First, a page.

¶ Includes congenital heart disease, atrial fibrillation, status-post aortic valve replacement, and coronary artery disease.
            § Includes immunosuppressive drugs, cancer, and congenital immunodeficiency.
            ** Out of 25 cases with chest radiographs.
            </TD></TR></TBODY></TABLE>

            <TABLE class=data-table><TBODY><TR><TH class=header-row scope=col colSpan=11>TABLE 2. Detailed clinical characteristics for 30 hospitalized patients with novel influenza A (H1N1) --- California, April 15, 2009--May 17, 2009 (Continued)
            </TH></TR><TR><TH class=column-head scope=col>Patient no.
            </TH><TH class=column-head scope=col>Age
            </TH><TH class=column-head scope=col>Sex
            </TH><TH class=column-head scope=col>Underlying conditions*
            </TH><TH class=column-head scope=col>Admission diagnosis
            </TH><TH class=column-head scope=col>Abnormal complete blood count values
            </TH><TH class=column-head scope=col>Chest radiographic findings
            </TH><TH class=column-head scope=col>Intensive-care unit admission
            </TH><TH class=column-head scope=col>Mechanical ventilation
            </TH><TH class=column-head scope=col>Antiviral treatment
            </TH><TH class=column-head scope=col>Length of stay
            </TH></TR><TR><TD class=text-row scope=row>1
            </TD><TD class=text-row>27 days
            </TD><TD class=text-row>F
            </TD><TD class=text-row>None
            </TD><TD class=text-row>Rule out sepsis
            </TD><TD class=text-row>None
            </TD><TD class=text-row>Normal
            </TD><TD class=text-row>No
            </TD><TD class=text-row>No
            </TD><TD class=text-row>None
            </TD><TD class=text-row>3 days
            </TD></TR><TR><TD class=text-row scope=row>2
            </TD><TD class=text-row>6 wks
            </TD><TD class=text-row>M
            </TD><TD class=text-row>None
            </TD><TD class=text-row>Pneumonia
            </TD><TD class=text-row>Anemia†
            </TD><TD class=text-row>Bilateral infiltrates
            </TD><TD class=text-row>No
            </TD><TD class=text-row>No
            </TD><TD class=text-row>Oseltamivir
            </TD><TD class=text-row>6 days
            </TD></TR><TR><TD class=text-row scope=row>3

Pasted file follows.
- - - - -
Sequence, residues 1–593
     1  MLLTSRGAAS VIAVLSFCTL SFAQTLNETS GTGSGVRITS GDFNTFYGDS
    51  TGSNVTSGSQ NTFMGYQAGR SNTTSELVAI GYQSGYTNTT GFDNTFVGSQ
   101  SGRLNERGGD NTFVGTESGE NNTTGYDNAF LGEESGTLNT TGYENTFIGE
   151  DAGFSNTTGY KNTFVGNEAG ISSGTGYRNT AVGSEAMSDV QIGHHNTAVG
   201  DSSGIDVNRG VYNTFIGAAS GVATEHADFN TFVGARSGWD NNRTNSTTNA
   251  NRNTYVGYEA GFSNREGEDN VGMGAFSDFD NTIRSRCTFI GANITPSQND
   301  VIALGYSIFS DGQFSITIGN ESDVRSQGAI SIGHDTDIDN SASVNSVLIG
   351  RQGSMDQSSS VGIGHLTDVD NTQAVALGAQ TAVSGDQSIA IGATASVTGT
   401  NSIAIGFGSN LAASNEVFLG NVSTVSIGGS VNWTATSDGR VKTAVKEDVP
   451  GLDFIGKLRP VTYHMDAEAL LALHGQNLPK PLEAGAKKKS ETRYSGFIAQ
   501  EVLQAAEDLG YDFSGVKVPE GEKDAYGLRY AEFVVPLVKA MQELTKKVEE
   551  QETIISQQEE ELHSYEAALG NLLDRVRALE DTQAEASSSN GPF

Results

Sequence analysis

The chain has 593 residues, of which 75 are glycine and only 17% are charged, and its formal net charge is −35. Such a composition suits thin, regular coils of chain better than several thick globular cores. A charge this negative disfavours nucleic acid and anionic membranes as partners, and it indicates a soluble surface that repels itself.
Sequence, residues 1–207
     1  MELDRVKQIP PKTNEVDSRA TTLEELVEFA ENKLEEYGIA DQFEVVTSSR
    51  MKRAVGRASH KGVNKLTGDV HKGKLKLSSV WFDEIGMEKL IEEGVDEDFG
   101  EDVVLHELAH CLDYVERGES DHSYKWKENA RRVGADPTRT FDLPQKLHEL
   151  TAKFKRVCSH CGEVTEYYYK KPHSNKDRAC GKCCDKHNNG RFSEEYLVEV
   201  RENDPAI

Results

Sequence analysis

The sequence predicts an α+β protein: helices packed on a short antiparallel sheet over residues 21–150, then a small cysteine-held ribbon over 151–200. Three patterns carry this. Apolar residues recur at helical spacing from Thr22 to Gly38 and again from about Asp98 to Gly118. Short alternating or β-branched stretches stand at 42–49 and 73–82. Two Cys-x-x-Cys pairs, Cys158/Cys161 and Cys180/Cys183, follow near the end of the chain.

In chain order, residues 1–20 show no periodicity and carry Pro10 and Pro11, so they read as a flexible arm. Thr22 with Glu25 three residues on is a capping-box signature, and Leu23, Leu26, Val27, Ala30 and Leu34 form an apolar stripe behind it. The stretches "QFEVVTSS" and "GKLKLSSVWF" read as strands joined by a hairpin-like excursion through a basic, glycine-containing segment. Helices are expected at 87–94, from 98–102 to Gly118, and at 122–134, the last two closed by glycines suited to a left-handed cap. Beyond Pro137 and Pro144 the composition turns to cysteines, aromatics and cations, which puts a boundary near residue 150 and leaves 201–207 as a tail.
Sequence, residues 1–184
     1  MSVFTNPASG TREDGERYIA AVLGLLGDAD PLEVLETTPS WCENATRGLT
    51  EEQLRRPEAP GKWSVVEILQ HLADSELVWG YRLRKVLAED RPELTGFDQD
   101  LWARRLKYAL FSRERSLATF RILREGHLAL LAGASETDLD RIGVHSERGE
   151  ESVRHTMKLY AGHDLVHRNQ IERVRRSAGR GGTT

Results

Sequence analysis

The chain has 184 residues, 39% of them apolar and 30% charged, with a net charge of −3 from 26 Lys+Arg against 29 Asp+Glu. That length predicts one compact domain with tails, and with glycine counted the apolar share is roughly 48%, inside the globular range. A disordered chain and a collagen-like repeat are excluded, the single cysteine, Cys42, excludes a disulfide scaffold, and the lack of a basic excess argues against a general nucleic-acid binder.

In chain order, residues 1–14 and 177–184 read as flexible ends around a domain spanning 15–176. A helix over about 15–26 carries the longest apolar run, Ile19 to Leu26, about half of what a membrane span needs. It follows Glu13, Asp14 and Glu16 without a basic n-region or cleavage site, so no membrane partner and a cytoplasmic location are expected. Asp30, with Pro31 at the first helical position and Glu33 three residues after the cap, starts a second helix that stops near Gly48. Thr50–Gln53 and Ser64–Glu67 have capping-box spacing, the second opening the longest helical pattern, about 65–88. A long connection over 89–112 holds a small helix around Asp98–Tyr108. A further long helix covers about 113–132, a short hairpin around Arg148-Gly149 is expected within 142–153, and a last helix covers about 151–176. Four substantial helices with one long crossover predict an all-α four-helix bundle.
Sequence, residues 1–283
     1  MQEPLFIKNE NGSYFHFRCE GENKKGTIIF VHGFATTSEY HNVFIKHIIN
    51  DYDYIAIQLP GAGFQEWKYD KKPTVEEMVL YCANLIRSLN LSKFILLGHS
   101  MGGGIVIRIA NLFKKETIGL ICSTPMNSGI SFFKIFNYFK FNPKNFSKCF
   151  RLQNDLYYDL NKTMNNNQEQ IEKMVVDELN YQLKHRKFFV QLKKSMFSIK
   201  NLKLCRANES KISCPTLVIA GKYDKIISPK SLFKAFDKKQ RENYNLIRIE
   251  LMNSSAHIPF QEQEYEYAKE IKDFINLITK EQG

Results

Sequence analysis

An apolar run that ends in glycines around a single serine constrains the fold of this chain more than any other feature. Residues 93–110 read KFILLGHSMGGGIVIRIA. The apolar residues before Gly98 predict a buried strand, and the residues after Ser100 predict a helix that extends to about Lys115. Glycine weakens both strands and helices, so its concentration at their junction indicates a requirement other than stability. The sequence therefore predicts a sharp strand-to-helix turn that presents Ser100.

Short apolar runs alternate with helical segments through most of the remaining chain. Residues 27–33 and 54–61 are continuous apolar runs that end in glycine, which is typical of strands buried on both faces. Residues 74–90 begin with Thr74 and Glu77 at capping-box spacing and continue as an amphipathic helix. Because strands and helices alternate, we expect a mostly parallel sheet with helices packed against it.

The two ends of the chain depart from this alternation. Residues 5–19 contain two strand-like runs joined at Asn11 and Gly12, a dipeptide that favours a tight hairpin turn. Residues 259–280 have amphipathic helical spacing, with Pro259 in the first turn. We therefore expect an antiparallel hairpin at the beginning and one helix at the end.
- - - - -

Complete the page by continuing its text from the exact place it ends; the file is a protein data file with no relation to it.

</TD><TD class=text-row>5 mos
            </TD><TD class=text-row>F
            </TD><TD class=text-row>Prematurity, intrauterine growth retardation, bronchopulmonary dysplasia, congenital heart disease, chronic corticosteroid administration
            </TD><TD class=text-row>Respiratory Distress Syndrome, prematurity
            </TD><TD class=text-row>Leukocytosis,§ anemia†
            </TD><TD class=text-row>Bilateral infiltrates
            </TD><TD class=text-row>Yes
            </TD><TD class=text-row>Yes
            </TD><TD class=text-row>None
            </TD><TD class=text-row>Still hospitalized: day 167
            </TD></TR><TR><TD class=text-row scope=row>4
            </TD><TD class=text-row>17 mos
            </TD><TD class=text-row>M
            </TD><TD class=text-row>None
            </TD><TD class=text-row>Pneumonia respiratory failure
            </TD><TD class=text-row>Leukocytosis,§ lymphopenia¶
            </TD><TD class=text-row>Bilateral infiltrates
            </TD><TD class=text-row>No
            </TD><TD class=text-row>No
            </TD><TD class=text-row>None
            </TD><TD class=text-row>2 days
            </TD></TR><TR><TD class=text-row scope=row>5
            </TD><TD class=text-row>3 yrs
            </TD><TD class=text-row>F
            </TD><TD class=text-row>None
            </TD><TD class=text-row>Dehydration
            </TD><TD class=text-row>None
            </TD><TD class=text-row>Not done
            </TD><TD class=text-row>No
            </TD><TD class=text-row>No
            </TD><TD class=text-row>Oseltamivir
            </TD><TD class=text-row>1 day
            </TD></TR><TR><TD class=text-row scope=row>6
            </TD><TD class=text-row>3 yrs
            </TD><TD class=text-row>M
            </TD><TD class=text-row>T-cell immunodeficiency
            </TD><TD class=text-row>Pneumonia
            </TD><TD class=text-row>Leukocytosis,§ anemia†
            </TD><TD class=text-row>Bilateral infiltrates
            </TD><TD class=text-row>Yes
            </TD><TD class=text-row>No
            </TD><TD class=text-row>Oseltamivir
            </TD><TD class=text-row>5 days
            </TD></TR><TR><TD class=text-row scope=row>7
            </TD><TD class=text-row>7 yrs
            </TD><TD class=text-row>F
            </TD><TD class=text-row>Asthma, obesity
            </TD><TD class=text-row>Asthma exacerbation
            </TD><TD class=text-row>Leukopenia**
            </TD><TD class=text-row>Unilobar infiltrate
            </TD><TD class=text-row>No
            </TD><TD class=text-row>No
            </TD><TD class=text-row>None
            </TD><TD class=text-row>4 days
            </TD></TR><TR><TD class=text-row scope=row>8
            </TD><TD class=text-row>9 yrs
            </TD><TD class=text-row>M
            </TD><TD class=text-row>Asthma
            </TD><TD class=text-row>Dehydration
            </TD><TD class=text-row>Leukopenia** Lymphopenia¶
            </TD><TD class=text-row>Hyperinflation, perivascular cuffing
            </TD><TD class=text-row>No